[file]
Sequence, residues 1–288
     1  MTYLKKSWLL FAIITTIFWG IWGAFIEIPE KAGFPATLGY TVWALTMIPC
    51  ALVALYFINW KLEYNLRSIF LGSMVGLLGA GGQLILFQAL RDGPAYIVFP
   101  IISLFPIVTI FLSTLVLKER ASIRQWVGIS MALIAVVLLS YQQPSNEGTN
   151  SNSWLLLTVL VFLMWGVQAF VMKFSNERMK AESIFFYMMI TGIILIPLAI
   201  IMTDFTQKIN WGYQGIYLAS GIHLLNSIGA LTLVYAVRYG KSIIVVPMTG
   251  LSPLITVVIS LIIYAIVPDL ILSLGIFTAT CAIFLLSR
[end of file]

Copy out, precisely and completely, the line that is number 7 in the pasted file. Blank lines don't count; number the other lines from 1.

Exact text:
   251  LSPLITVVIS LIIYAIVPDL ILSLGIFTAT CAIFLLSR